The Chair of the session Shri Ajay Kumar Singh, IAS, Principal Secretary, Department of Higher Education and Technical Education, Government of Jharkhand concluded the session by emphasizing that the government and industry should invest in higher education. Accessibility to higher education is low in Jharkhand- 13% compared to 23% for India overall. Government is now investing in higher education.  A hundred new colleges- academic institutions, technical and non- technical institutions will be opened in the state in the coming years. The state is also promoting private institutions. A private institution bill has been passed. Data on the manpower required in each sector- tourism, agriculture, mining and animal husbandry has been compiled and is available.
CSR can provide support by:

  • Taking over the operations and management of government owned ITIs.
  • investing in research and development.
  • building skills so people are trained before they join the industry.
  • managing polytechnics run by the government.
  • strengthening linkages between the CSR and the academic institutions as currently there is a gap between what is taught and the employability requirements.
  • Conducting studies to assess the current knowledge, skills and training required for employability.

PANEL DISCUSSION II: Achieving better Education and Health outcomes in the state through CSR

Panelists of Panel Discussion 2

Suranjeen, JHPIEGO initiated the session by stating that health and education are important sectors in development. The highlights of his presentation were as follows:

  • Access to education has now become a universal right
  • The state should similarly ensure universal access to health. The corporate sector can help in expansion of health services by providing medicines at cheaper prices since the government can only invest a limited percentage on health.
  • CSR should think of innovative models and implement pilot projects in the health and education sectors, which can be considered by the government and implemented on scale. For example,  a pilot project implemented by Usha Martin and ICICI resulted in the creation of  Accredited Social Health Activist (ASHA), social mobiliser who delivers health services at the grassroots level, and is the backbone of the health service delivery today.
  • The corporate sector can help the government to ensure that services reach the last mile. This is possible as the industry has changed from ‘pull to push’ (demand driven) mechanism, but the government still follows the pull (based on inventory) mechanism. For example, health supplies only reach the village after the Auxiliary Nurse Midwife (ANM) has to indent first; only then supplies are delivered to her.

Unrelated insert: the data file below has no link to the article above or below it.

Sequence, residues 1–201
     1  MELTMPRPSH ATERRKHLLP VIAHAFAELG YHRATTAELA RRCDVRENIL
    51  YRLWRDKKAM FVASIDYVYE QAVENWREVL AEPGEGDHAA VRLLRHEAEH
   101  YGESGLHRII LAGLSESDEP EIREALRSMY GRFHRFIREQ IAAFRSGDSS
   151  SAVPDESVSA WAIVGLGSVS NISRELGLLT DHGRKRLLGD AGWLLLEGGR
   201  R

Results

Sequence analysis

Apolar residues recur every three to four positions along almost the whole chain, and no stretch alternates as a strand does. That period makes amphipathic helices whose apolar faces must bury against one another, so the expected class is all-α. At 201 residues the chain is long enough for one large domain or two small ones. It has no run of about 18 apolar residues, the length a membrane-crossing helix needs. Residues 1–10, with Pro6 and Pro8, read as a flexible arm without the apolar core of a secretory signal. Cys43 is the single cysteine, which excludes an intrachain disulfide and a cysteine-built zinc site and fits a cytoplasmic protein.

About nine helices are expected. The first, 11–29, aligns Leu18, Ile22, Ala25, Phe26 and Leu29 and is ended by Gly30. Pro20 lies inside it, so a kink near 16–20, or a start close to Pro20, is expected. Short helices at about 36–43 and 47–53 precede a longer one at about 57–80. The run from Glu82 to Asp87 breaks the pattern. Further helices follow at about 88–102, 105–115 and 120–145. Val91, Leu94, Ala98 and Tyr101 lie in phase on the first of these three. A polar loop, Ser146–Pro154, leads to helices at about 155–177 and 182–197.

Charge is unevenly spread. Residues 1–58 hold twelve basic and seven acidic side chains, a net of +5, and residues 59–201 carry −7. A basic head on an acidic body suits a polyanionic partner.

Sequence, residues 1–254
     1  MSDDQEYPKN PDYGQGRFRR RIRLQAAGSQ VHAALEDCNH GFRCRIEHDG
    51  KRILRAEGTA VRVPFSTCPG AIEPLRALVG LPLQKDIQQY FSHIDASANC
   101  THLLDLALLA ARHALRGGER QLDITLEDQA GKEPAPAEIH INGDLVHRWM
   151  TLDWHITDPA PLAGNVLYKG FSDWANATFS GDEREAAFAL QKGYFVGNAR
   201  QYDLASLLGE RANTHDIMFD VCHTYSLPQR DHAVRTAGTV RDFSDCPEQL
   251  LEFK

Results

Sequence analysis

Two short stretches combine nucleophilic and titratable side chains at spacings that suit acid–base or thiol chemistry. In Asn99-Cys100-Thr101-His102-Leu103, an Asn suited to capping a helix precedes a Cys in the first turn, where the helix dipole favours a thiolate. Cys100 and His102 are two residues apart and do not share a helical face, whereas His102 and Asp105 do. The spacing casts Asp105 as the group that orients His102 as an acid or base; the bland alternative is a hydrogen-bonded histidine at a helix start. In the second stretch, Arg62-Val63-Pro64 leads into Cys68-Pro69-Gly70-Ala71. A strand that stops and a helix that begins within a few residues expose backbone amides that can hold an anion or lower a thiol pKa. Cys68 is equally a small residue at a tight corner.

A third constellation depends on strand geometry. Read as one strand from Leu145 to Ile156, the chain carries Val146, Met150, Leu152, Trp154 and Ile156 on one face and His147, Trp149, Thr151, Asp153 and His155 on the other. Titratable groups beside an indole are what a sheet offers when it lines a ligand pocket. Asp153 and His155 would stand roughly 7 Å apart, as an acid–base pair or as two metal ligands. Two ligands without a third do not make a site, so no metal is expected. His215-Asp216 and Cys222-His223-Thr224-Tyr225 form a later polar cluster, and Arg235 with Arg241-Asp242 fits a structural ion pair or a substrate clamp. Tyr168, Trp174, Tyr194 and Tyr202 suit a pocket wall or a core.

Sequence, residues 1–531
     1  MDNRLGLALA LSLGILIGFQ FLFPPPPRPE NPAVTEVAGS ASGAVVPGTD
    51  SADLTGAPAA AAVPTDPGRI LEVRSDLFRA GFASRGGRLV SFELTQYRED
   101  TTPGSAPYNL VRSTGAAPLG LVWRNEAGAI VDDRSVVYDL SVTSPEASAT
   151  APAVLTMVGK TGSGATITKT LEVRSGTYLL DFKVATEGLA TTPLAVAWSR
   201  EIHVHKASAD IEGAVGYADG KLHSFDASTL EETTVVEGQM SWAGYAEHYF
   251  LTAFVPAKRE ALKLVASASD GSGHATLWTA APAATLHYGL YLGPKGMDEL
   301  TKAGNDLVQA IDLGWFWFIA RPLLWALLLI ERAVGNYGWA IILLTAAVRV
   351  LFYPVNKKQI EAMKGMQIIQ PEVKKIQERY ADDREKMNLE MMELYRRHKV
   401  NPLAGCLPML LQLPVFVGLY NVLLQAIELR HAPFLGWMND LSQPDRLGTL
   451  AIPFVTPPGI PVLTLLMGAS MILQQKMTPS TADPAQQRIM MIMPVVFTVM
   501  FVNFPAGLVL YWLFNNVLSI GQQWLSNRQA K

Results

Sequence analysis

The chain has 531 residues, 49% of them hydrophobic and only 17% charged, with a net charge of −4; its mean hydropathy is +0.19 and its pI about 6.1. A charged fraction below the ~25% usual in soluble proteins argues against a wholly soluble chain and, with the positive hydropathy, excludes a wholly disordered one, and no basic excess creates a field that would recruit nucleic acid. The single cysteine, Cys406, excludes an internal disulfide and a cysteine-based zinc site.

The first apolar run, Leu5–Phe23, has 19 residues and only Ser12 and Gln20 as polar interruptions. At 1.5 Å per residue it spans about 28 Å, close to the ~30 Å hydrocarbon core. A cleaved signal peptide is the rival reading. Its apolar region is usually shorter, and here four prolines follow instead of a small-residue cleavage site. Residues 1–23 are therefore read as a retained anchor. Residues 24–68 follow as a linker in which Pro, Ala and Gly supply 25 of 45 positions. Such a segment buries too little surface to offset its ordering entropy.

Biren Bhutta, Chief, CSR, Tata Steel  listed the take away principles adopted by Tata Steel on what CSR should be doing and how it can help further the development goals of the state

  • Impact: show and measure impact at scale in a contextual setting
  • Develop and strengthen partnerships and collaborations
  • Leverage the path of innovation and technology
  • Reach those who cannot reach us
  • Use business solutions to solve social problems

These need to be accompanied by dynamic and visionary leadership in the government.
Mr Bhutta illustrated how the principles can be adopted in practice by giving the example of Project MANSI (Maternal and Newborn Survival Initiative). MANSI was implemented in the entire  Seraikela block with 167 villages from 2010-2015 where Infant Mortality Rate (IMR) was high (60 per 1,000 live births). A preliminary survey conducted in the block revealed that 80% of the deaths occurred in neonates. Causes of death were sepsis, low birth weight leading to hypothermia and asphyxia. Additionally, health services were inaccessible to many community members. Tata Steel implemented the project in partnership with the American India foundation, the Department of Health, Government of Jharkhand, local NGOs and the community. Community based health workers called Sahiyas were trained in neo natal health care. The Sahiyas closely supervised the expecting women, encouraged them to go on regular health visits and even counselled them to opt for hospital births. Monitoring and evaluation showed that almost every process indicator of the project improved.  Mr. Bhutta concluded by reiterating that community is an important partner of every development project.